Do you know your mother? I don’t mean her identity but who she is as a person. Does she know you? Truly know you. Mother-daughter relationships are fraught even under ideal conditions. What if your mother has dark secrets she’s unwilling to divulge? What if she might be mentally ill? How about if she develops degenerative dementia causing her to fade away before your very eyes? Toronto-based poet Damian Rogers grapples with these issues and much else in her graceful, melancholy memoir An Alphabet for Joanna: A Portrait of My Mother in 26 Fragments (Knopf Canada).

Joanna is a wandering spirit who follows a boyfriend from their Michigan home to California in the late 60s. She marries him but it doesn’t last. Soon she meets Rogers’s father after randomly knocking on his door as an Avon lady. She travels back to Michigan after becoming pregnant and they try to make it work, but Joanna’s inconsistency, their youth, and the fact that they barely know one another dooms the relationship. Joanna moves back to her childhood home where her parents raise Damian while Joanna tries to grow up herself.

This home, as Rogers describes it, is a minefield of unresolved memories and trauma. Her grandparents each have their own room, as does Rogers, while Joanna stays in the basement. Her mother leads her own life, waitressing and taking art classes, parenting only now and then. Rogers is close to her grandparents but has separate relationships with each because of their estrangement from one another. It’s a house full of invisible but very real barriers between all its inhabitants.

When Joanna is able to get her own place and build a career in advertising, the mother-daughter dynamic remains unconventional. While Rogers’s longing to know her mother and spend all available time with her is palpable on every page, their bond is more friend-shaped than filial. Rogers repeatedly refers to Joanna as helpless. She seems unable to function in some fundamental ways. The roots of her dysfunction eventually reveal themselves.

Rogers travels to the Montana plains to trace her matrilineal line. She tries to unlock how her mother became such a closed book. “I’m aware that this idea of inheritance scares me. In one of the back rooms of my brain, I struggle to draw a line between my mother’s life and my own.” Through her research she finds a series of tough women who appear to have barely revealed themselves to anyone in their orbit. In Joanna’s case the key may or may not lie in the abuse she suffered at the hands of a troubled older brother.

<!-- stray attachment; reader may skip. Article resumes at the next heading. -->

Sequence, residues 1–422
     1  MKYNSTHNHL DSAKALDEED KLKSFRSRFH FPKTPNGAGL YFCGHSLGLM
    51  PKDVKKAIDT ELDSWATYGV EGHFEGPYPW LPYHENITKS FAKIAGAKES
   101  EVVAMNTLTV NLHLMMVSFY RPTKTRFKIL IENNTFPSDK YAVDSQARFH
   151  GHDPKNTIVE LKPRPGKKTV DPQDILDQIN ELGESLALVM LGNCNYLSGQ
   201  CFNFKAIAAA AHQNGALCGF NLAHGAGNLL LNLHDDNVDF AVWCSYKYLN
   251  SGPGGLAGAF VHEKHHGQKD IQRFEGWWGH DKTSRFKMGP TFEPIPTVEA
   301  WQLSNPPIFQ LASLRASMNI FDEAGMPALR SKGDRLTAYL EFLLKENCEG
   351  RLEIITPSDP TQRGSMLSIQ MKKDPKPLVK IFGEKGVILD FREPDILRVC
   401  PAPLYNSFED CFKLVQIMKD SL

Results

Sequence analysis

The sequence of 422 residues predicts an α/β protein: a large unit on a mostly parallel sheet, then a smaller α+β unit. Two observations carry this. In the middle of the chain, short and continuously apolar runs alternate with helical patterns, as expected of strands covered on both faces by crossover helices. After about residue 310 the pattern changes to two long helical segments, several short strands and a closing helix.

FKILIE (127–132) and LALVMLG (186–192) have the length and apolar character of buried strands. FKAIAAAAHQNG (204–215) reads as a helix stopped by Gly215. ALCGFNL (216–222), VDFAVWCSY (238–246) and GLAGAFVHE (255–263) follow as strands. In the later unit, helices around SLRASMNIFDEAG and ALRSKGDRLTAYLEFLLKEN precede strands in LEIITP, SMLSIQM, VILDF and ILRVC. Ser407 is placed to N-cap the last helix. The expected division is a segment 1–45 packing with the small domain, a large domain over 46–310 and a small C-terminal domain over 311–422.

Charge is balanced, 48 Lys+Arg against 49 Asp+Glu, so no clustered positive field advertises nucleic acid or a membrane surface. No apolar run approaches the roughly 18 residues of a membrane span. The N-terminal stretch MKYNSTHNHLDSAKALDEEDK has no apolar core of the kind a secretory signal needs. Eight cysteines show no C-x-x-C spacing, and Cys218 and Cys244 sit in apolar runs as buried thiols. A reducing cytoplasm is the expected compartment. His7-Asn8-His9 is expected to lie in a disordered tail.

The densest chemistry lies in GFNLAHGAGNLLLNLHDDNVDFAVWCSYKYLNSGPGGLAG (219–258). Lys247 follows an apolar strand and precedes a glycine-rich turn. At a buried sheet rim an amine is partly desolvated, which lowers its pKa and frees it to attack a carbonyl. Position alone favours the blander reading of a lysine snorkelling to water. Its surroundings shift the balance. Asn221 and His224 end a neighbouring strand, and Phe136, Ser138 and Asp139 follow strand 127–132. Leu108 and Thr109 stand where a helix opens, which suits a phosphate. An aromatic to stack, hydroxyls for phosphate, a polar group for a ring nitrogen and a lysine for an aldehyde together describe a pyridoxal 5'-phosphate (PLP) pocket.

Rogers is careful and wise not to reduce the entirety of her mother’s life to an aftereffect of victimization. There is much that remains unknown because the main actors won’t talk or are gone. This withholding tendency will be familiar to many. But even when everyone is forthcoming, gaps remain. It is doubly difficult to make sense of your loved ones’ pasts when their minds begin to slip away. It’s tough to know whether Joanna would have eventually answered all of Rogers’s questions, but she didn’t get the chance.

The jumbled abecedarian structure of this book illustrates the effect of memory loss in a lyrical way. Each chapter begins with a series of nouns that start with the same letter and run alphabetically to include the chapter’s name. These lists sometimes take up an entire page and read like a poem. Their sequence suggests meaning and narrative in ways that become impossible for people with cognitive challenges to connect. As Joanna’s dementia worsens, Rogers becomes her caregiver. While sorting her mother’s belongings to move her into a nursing home after she starts to wander off and can no longer live on her own, Rogers finds many lists. Joanna repeatedly tries to name as many animals as she can recall. They’re Joanna’s desperate attempts to hold onto her own mind.

The concept that your mother is a person apart from her relation to you is crucial to grasp if you want to become a full-fledged adult. But what if she doesn’t know who she is? The thing that haunts me most from Rogers’s eloquent investigation into her mother’s past and present is the sense of how much of our lives will always remain unknowable. Even before the onset of her dementia, Joanna appeared shadowed, even to herself. In the end, Rogers is left with a damnable question, asked by many people close to her, “Does your mother know who you are?”   v